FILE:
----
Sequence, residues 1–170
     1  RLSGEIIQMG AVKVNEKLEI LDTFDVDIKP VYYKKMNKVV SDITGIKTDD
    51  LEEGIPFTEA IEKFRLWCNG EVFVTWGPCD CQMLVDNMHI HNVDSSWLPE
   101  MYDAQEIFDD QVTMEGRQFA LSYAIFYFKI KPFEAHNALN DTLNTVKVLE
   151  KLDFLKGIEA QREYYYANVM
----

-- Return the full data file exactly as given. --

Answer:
Sequence, residues 1–170
     1  RLSGEIIQMG AVKVNEKLEI LDTFDVDIKP VYYKKMNKVV SDITGIKTDD
    51  LEEGIPFTEA IEKFRLWCNG EVFVTWGPCD CQMLVDNMHI HNVDSSWLPE
   101  MYDAQEIFDD QVTMEGRQFA LSYAIFYFKI KPFEAHNALN DTLNTVKVLE
   151  KLDFLKGIEA QREYYYANVM